-- Question for John --
I have had terrible luck with men. I don’t feel that I am ever going to find the perfect man. I have 3 children and don’t want to expose them to any more men. If I start dating again, how should I handle the relationship? Should I keep him from meeting my kids? And how do I go about asking him questions about himself (like an interview) without offending him?
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-- Answer from John --
Here is the general recommendation for a single parent who is dating. Do not introduce a new person to the children until you are reasonably certain that this is a stable relationship that has a high degree of probability of turning into a longterm partnership. This probably means don’t introduce them until at least six months — after the “honeymoon” period is over and you get a chance to see if you are dealing with a guy who has lasting partnership potential.
The fact that this last relationship was “off and on” as you put it, was an indication that there was no stability there. In that case, it would probably not have been a good idea to get the children involved with him at all.
The main reason for this recommendation about when to meet the children is for the benefit of the children — to save them from the pain and confusion of first getting attached to a new “father figure” and then suddenly finding the guy is gone.
As to your other question — finding the “perfect” man. That is a complex topic. My take on it is that after decades of personal research, and centuries of historical data on relationships, one amazing fact has been revealed: there is no such thing as a “perfect” partner. That is a myth and fantasy that we would all like to believe. But this does not make it real. If it were true, you would see lots and lots of couples around you who were exclaiming that they were with their “perfect” partner — and they would keep saying that even 5 or 10 years into the relationship — not just in the honeymoon phase of love where it feels so good that the guy must be perfect.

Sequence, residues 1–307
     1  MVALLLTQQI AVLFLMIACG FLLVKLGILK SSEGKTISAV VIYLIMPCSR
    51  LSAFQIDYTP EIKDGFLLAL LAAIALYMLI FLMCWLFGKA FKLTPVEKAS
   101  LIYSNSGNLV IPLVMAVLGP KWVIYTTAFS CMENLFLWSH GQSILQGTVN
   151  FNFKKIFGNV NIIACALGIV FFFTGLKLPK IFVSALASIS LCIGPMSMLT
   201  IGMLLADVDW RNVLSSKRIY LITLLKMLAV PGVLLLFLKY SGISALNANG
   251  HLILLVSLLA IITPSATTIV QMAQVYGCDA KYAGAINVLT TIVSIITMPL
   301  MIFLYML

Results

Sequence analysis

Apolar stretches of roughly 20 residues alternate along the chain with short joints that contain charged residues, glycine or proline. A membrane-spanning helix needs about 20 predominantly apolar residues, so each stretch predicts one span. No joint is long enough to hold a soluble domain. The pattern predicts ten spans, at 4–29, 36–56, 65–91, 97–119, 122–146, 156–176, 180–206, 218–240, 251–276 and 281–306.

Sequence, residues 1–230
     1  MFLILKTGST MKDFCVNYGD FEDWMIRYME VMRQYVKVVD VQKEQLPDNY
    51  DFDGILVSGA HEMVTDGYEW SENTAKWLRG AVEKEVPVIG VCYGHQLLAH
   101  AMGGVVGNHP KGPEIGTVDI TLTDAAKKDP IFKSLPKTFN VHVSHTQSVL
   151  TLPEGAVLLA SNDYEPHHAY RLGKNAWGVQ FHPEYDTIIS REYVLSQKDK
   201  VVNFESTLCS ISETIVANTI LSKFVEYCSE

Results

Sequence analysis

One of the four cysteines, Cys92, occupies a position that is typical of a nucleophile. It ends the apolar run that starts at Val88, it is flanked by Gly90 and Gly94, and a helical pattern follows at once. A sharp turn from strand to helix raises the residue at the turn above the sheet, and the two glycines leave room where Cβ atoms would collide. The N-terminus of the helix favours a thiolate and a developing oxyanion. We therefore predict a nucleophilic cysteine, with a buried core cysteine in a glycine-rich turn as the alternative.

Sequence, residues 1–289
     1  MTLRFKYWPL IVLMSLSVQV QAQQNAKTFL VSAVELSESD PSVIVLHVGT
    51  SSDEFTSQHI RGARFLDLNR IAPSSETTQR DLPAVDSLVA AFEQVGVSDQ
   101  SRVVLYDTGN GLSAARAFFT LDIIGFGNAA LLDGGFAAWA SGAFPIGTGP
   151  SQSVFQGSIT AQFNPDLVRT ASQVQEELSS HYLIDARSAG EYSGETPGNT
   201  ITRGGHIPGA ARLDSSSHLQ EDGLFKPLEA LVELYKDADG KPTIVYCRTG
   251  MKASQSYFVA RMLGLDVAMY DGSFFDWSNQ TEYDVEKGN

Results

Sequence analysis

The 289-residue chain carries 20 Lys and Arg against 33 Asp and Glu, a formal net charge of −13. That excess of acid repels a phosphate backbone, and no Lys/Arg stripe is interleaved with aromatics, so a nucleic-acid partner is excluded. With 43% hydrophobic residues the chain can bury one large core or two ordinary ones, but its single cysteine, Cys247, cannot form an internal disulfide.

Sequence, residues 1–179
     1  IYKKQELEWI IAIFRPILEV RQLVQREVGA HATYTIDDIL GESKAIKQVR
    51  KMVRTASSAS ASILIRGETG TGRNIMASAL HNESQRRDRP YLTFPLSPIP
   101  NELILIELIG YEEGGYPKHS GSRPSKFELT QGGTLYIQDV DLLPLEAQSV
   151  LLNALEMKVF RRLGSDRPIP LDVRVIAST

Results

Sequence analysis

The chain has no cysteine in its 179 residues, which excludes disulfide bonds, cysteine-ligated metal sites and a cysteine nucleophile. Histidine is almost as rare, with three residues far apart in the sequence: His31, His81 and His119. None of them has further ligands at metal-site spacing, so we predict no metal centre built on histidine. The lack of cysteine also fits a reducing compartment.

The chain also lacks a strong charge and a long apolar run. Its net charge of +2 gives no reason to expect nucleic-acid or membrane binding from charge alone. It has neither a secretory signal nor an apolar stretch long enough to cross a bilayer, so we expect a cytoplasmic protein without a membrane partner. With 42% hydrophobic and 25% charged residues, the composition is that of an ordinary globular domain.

Absolutely all relationships bring up challenges. The real question is not finding a “perfect” partner who does not bring up challenges. No such person exists. The real question is finding a person who is willing to take each challenge and work with it. And make personal improvements and learn new strategies and skills to make the relationship work better. That actually requires not only that the guy be willing to do this, but that you are too. It takes two.
Given that you are using the fantasy language of finding a “perfect” guy, I am going to have to assume that perhaps you are not as aware as you could be about the strategies and tools required to make relationships work in the real world. I am sure that you know alot about how relationships can fall apart. So I suggest you study for awhile, in this next phase of your life of being single. Learn as much as you can about the realistic and achievable enterprise of making love work. You can make love work. But you need to have the right tools and strategies. And you need to be able to more quickly evaluate whether you are with someone who demonstrates good potential for longterm relationship success.